September 19, 2003

Blogging For Dollars

I was grazing over at Fragments this usual Fred emparted tasty tidbits, wonderful photos and thoughtful links...then I clicked on the link in this entry:

Then listen! All about bedbugs (coming soon to a interstate motel near you!) and an interview with Salam Pax, the Baghdad Blogger and called the "the Anne Frank of this war."

I composed and discarded several comment entries, no, I thought leave Fred to his own devices...shout not in his gentle space...use the blog.

The comparison between 13-yr old Anne Frank's diary, and 29-yr old Iraqi blogger Salam is beyond the pale...the Elvis reference is simply bizarre. Has the journalistic world gone mad? Is their moral compass so skewed that they have abandoned common sense?

The comparison to a family hiding and fearing for their very lives every second of every day is an affront to decency and the memory of 6 million murdered Jews.

Salam's own words reveal how little his life resembled Anne's:

:: Wednesday, December 25, 2002 ::

The good news first. We are going to celebrate New Year's at my parents place, they are throwing a party and since the house will be a mess anyway I am occupying the upper floor for my partying purposes. Everyone is invited bring a friend, a bottle of whatever you drink and a candle. Make that lots of candles. The electricity situation is getting out of hand.

An excerpt from Anne Frank's diary:

"I've reached the point where I hardly care whether I live or die. The world will keep on turning without me, and I can't do anything to change events anyway. I'll just let matters take their course and concentrate on studying and hope that everything will be all right in the end." - February 3, 1944

Peter Maass writes:

I needed a new interpreter to fill the gap for two weeks or so, and the colleague mentioned that he had just met a smart and friendly guy named Salam. I quickly traced Salam to the Sheraton Hotel. Salam—this is his real first name—was sitting in a chair in the lobby, reading Philip K. Dick's "The Man in the High Castle".

How very hip of the trendy Salam, wonder what they were reading in the prisons under Baghdad while Salam was blogging?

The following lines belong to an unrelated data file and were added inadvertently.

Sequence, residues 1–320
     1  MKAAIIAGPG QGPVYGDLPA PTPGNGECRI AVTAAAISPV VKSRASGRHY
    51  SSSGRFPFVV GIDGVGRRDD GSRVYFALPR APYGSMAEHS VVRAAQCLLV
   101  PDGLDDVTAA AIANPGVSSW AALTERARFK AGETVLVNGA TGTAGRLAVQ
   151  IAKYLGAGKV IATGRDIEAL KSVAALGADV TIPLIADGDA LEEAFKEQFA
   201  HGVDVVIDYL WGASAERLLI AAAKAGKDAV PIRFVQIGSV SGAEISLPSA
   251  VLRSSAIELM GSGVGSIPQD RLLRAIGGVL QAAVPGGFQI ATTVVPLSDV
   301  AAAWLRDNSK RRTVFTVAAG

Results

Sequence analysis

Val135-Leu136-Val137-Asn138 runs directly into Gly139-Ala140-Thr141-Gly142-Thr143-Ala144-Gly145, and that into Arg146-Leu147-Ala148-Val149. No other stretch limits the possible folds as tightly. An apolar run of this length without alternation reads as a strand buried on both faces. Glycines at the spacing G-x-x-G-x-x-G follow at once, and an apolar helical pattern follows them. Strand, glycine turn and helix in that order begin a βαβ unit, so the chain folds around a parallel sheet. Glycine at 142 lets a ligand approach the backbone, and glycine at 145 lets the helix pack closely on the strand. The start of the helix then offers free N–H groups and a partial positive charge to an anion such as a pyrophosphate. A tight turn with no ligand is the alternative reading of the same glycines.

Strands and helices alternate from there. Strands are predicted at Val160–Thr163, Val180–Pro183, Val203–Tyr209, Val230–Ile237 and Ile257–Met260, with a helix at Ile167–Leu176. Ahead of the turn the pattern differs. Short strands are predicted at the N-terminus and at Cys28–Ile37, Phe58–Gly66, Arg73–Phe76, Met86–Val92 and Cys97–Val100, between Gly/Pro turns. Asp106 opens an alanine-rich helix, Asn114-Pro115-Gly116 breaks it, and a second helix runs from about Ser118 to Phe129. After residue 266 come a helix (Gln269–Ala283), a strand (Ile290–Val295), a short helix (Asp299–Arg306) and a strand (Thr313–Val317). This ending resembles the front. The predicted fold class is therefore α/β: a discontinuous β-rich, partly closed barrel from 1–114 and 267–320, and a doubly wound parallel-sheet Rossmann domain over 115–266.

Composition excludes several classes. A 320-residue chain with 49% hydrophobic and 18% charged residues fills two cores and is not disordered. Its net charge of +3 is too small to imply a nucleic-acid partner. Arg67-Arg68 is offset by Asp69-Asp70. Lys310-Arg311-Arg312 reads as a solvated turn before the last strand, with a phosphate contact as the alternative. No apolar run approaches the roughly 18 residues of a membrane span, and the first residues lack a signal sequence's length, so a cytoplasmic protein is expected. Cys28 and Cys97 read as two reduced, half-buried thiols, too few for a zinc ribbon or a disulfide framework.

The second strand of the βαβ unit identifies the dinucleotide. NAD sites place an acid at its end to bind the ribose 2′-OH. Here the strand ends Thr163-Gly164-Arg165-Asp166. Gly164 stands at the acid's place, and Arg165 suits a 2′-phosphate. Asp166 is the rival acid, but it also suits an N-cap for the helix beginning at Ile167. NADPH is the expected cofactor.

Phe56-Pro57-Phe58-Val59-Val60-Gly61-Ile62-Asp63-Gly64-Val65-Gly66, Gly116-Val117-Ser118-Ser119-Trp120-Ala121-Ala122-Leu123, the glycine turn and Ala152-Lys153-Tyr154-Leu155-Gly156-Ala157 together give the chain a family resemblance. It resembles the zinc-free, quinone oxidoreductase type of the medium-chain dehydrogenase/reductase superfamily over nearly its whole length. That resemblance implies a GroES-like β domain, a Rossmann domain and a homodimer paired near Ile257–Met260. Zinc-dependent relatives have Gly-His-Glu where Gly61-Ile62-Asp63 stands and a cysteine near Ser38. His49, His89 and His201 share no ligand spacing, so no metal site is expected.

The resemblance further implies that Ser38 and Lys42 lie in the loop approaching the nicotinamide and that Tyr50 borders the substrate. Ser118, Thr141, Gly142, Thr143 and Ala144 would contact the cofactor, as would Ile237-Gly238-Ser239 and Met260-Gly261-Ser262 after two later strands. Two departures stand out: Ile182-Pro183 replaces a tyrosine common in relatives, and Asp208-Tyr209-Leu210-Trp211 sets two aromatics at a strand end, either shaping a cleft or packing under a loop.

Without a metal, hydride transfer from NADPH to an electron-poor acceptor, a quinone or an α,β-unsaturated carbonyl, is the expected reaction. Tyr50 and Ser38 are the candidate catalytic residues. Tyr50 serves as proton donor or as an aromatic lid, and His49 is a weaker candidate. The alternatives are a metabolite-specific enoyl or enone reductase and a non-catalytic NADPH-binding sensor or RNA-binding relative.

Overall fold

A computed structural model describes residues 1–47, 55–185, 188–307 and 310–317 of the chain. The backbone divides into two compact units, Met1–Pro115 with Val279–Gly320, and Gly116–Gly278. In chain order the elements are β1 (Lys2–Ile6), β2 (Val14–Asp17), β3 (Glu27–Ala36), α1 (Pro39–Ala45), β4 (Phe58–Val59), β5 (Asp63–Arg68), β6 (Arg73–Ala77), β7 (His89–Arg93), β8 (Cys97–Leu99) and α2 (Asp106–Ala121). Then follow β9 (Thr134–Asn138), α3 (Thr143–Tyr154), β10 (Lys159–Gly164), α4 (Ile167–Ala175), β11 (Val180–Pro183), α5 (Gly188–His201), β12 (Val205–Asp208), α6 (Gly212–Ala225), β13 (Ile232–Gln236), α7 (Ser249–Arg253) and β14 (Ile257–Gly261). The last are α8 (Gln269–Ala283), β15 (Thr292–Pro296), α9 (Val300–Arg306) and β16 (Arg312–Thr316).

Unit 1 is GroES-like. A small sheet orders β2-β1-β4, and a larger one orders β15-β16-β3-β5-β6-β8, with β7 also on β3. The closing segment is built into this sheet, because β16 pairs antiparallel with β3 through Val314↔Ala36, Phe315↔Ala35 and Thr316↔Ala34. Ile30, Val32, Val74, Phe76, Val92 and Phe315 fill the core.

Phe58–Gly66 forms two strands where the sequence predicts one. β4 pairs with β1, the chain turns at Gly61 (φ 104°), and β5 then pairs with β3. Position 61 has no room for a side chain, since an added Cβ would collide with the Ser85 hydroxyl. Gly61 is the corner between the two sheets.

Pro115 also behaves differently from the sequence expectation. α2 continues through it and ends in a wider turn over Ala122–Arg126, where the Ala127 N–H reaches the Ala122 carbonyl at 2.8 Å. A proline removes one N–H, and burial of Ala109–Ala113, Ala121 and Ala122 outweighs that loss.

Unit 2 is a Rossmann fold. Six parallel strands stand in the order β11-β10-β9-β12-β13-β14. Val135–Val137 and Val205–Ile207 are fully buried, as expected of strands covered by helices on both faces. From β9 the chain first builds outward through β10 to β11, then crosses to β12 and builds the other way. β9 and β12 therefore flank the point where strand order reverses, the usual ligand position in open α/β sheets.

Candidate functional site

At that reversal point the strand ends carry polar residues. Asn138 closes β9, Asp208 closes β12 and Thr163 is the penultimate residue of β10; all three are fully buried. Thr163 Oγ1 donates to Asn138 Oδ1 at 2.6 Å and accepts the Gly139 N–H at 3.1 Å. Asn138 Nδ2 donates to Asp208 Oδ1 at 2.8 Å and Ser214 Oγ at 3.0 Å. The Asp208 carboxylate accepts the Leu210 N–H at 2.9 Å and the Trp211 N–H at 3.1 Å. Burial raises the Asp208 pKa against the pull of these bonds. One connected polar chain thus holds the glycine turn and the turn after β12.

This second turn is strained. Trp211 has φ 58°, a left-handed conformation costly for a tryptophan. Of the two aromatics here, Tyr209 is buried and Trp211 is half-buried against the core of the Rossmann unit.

There was no escape or choice for Anne Frank only a brutish internment and death.

Anne Frank was sent to Bergen-Belsen after being evacuated from Auschwitz in October, 1944. As starvation. cold and disease swept through the camp's population, Margot, Anne's sister, developed typhus and died. A few days later, Anne herself, in April, 1945, succumbed to the disease a few weeks before the camp was liberated by the British. She was 15 years old.

Salam however seems to be holding up well in spite of his victimization by American right-wing extremists:

:: Saturday, September 13, 2003 ::

My life has taken a sharp turn towards the surreal.

it starts with this [The Baghdad Blog].

did you see the promo, it is so scary it freaked me out the first time I saw it. do turn up the volume, the track is by the Aphex Twin and when Intro contacted Warp records they said that they can choose any track they want by the Aphex Twin and it's for free. Warp even has the promo linked from its site.

Then there is the today show on BBC Radio 4 later followed by a web chat.

a radio interview with Late Night Live in *australia*.

A daily telegraph piece (needs registration).
A web page on the Guardian site.
A million other interviews by people who are nice enough to bring me books as presents.

What an admirable man our Salam is, living large, American style. Will anyone remember Salam Pax in 20 years? I think not.

Whereas, Anne Frank will live on until the end of recorded history as an example of what happens when men such as Salam do not stand up against evil.

Iraqi's bear moral responsiblity and condemnation for the bad acts of the Ba'athist Party as much as any German who joined the Nazi party to get along and live comfortably off the misery and murder of their fellow countrymen. The fact that the media elite doesn't support the current administration and the overthrow of Saddam Hussein doesn't excuse Iraqis from culpability for children's prisons and mass graves.

Sorry, but as Elvis once remarked "That dog won't hunt."

Posted by feste at September 19, 2003 01:03 PM | TrackBack

There's that thing about opinions and belly buttons. I thot it an odd opinion leading to comparing SPax and AFrank, but I got an innie, this journalist's got an outtie. I'll just try to keep mine reasonably free of the belly button lint that leads to error or folly. It's too early for this and more coffee will only make me more aware of how early it is on a Saturday. Tsuga says hi and what's for breakfast.

Posted by: fredf at September 20, 2003 01:35 AM

That flip little blurb just grated on's bugged me ever since it appeared at Slate...but they have an anti-Israel mindset, so you expect it of them and it's a private publication...they can say whatever they choose and we can vote with our keyboards and wallets.

However, the people at Fresh Air broadcast on public airways...which means we expect a certain decormum and code of ethics. It also tells you that whomever edited/approved that page has very little empathy or understanding of the Holocaust.

Can you imagine the outrage if PBS made the same throw-away remark using a hero of the black community?

As the entertainment elites smugly chide us in their PSA's: words convey hate...hate kills.


Posted by: feste at September 20, 2003 09:21 AM
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